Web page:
Nicolai Fechin (1881-1955)
Nicolai Fechin (1881-1955)

Girl with Red Bow

Nicolai Fechin (1881-1955)
Girl with Red Bow
signed and dated 'N. Fechin./1910.' (upper right)
oil on canvas
27 3/8 x 22¾ in. (69.5 x 57.8 cm.)
Acquired by the parents of the present owners in 1969.
"Fechin Show Opens Today," The Oklahoma Journal, February 2, 1969, p. 10, illustrated.
Oklahoma City, Oklahoma, The Oklahoma Museum of Art, Nicolai Fechin, February 2-February 23, 1969.

Lot Essay

Born in Kazan, Russia in 1881, Nicolai Fechin obtained his academic training from the Imperial Academy in St. Petersburg. Fechin was accepted at age 19 into the reputable school of famed artist Ilya Repin, whose politically charged and socially conscious works would have a profound impact on the young student. Fechin ultimately turned to portraiture for inspiration, rather than the more historical genre subjects of his teacher, as he believed that the world around him was changing rapidly and felt it important to accurately record life in the moment. "I understood that the compositional type of work could not be expressed thoroughly without the full knowledge of the human face and, instead of following his advice, I began working exclusively on portraits." (M.N. Balcomb, Nicolai Fechin, San Cristobal, New Mexico, pp. 6-7) From the outset, Fechin's works exhibited an emotional honesty and integrity that distinguished his canvases from his peers.

Both in painting style and his choice of subjects, Fechin sought to evoke a spirited personality in his compositions and a truthfulness to his subject. Mingling Fauvist color with the linear quality of the German Expressionists, Fechin immediately presented bold canvases of rich texture, broken color and layers of pigment. In 1910, the same year Girl with Red Bow was painted, Fechin was invited to contribute works to the Carnegie Exhibition, which also featured works by Sidaner, Monet, Sisley, and Pissaro. A reviewer for the New York Evening Post commented "Fechin possesses correctness of eye and a striking emotional force which is so typical and characteristic of a true Russian...he is also progressive in inspiration and more sensitive and restrained in chromatic scale. In regard to its merits, it is difficult to analyze so deep and expressive a sincerity and the irreprovable technique in which Fechin's art abounds." (Nicolai Fechin, p. 28)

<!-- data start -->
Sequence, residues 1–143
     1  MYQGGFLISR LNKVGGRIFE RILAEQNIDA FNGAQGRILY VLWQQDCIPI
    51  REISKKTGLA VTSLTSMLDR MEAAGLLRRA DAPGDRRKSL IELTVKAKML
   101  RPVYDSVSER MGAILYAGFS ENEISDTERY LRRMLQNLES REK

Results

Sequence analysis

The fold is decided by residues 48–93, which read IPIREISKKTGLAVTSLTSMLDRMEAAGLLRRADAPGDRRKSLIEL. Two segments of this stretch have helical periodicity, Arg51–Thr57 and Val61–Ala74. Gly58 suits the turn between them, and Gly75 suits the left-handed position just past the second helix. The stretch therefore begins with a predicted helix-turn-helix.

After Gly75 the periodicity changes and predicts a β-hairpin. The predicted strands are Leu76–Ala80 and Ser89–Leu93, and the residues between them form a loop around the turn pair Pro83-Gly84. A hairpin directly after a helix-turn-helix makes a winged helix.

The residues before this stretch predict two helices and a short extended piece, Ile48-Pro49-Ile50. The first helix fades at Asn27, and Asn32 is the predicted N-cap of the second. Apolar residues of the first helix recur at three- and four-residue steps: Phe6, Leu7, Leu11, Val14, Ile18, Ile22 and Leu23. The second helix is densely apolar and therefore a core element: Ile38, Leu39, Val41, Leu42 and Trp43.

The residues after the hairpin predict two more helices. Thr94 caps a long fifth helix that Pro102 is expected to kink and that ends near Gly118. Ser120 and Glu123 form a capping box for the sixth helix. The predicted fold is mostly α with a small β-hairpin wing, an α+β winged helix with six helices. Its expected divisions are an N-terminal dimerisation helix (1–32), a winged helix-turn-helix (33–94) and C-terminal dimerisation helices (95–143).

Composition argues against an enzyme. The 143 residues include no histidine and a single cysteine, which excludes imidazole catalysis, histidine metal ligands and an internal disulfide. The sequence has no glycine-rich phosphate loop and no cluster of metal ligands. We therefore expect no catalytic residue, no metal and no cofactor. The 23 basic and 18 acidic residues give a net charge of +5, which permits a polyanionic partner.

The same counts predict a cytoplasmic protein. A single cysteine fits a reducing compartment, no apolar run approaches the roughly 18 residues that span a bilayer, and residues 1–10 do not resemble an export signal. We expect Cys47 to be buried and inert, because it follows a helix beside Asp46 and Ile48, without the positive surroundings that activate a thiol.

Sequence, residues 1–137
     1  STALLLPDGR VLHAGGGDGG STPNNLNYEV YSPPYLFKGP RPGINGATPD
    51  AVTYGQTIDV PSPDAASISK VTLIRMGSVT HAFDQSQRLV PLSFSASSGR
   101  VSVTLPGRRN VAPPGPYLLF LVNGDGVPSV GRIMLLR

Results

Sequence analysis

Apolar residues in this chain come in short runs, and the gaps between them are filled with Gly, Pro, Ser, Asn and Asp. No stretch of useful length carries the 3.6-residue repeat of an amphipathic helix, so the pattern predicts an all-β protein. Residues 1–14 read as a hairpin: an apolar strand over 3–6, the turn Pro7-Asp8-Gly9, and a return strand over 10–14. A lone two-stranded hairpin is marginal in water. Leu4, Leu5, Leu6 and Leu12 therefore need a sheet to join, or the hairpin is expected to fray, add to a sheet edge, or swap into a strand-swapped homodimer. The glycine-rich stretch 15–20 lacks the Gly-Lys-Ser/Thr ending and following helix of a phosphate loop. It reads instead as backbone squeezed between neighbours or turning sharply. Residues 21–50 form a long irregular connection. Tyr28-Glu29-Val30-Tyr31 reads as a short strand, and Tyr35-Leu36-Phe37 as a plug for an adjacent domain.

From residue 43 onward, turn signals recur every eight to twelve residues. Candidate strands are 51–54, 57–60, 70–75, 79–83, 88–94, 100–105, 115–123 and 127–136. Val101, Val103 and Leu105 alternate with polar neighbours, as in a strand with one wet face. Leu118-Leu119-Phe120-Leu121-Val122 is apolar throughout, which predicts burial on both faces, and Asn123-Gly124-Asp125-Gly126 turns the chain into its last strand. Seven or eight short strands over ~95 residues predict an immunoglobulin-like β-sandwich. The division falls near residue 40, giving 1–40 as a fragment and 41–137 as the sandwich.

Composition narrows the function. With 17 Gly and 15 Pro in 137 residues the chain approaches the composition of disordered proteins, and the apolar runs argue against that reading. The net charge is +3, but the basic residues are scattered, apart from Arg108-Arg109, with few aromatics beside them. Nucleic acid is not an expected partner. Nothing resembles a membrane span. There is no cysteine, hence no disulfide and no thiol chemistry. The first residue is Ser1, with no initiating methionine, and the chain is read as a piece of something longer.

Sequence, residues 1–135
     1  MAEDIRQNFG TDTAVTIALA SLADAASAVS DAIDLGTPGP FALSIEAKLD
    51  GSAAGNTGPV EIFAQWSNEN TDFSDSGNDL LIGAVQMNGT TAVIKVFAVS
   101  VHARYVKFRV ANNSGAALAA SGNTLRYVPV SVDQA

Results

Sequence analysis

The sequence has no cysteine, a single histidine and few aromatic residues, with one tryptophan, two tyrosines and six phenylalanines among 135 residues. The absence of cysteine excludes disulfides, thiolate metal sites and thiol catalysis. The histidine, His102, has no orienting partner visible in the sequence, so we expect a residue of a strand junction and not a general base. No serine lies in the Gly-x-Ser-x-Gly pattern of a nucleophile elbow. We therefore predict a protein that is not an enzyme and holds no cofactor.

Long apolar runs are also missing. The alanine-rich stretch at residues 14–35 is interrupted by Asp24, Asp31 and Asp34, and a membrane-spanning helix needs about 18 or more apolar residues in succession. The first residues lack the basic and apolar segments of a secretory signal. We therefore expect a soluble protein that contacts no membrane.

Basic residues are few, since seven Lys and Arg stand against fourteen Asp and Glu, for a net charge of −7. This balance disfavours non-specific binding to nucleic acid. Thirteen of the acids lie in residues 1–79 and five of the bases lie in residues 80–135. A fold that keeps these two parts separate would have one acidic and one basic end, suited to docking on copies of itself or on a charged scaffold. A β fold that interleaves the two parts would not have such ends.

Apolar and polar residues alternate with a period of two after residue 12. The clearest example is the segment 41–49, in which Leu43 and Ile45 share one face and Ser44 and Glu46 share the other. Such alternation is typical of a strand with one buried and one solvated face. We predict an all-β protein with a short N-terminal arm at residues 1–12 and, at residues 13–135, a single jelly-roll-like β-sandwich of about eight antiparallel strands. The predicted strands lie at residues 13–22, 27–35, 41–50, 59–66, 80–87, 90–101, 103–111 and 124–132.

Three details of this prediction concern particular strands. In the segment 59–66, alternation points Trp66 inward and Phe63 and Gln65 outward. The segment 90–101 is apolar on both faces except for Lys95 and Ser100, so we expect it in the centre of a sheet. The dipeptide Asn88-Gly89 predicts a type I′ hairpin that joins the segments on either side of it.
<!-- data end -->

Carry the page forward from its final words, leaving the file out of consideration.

The present portrait is believed to portray a young member of the Russian royal family. With economy of line, Fechin depicts the essential elements of his young sitter, capturing the expression of indifference as the child gazes both self-assuredly and casually at the viewer. In Girl with Red Bow, confident strokes of paint are applied rapidly with brush and palette knife, making bold juxtapositions of color and form layer naturally on the canvas. Rather than belabor the details of her clothing and torso, he instead chooses to display her defining facial features and allow his brush to capture the almost abstract quality of the rest of the composition. Deliberate flowing lines of pigment pulled from the brush that are evident in the present work, helped to define Fechin's early career, in contrast to his later more angular style of application as seen in works from Taos, New Mexico. A majority of Fechin's works from this period are housed in Russia making Girl with Red Bow a seminal and rare example from Fechin's early career that remains in private hands in the United States. With a directness and integrity, he has captured not only the personality of his sitter, but perhaps more significantly, elevated representational portraiture to a highly respected art-form in a modern era of abstraction.

The famed artist and teacher, Robert Henri, who undoubtedly had an indirect influence on Fechin's work, commented: "If you paint children, you must have no patronizing attitude towards them. Whoever approaches a child without humility, without wonderment, and without infinite respect, misses in his judgment of what is before him...Paint with respect for him...He is the great possibility, the independent individual." (W.I. Homer, My People: The Portraits of Robert Henri, Seattle, Washington, 1994, p. 13) The vitality and sincerity of Girl with Red Bow, along with Fechin's distinct palette and brushwork, make the present work one of the artist's most striking early portraits.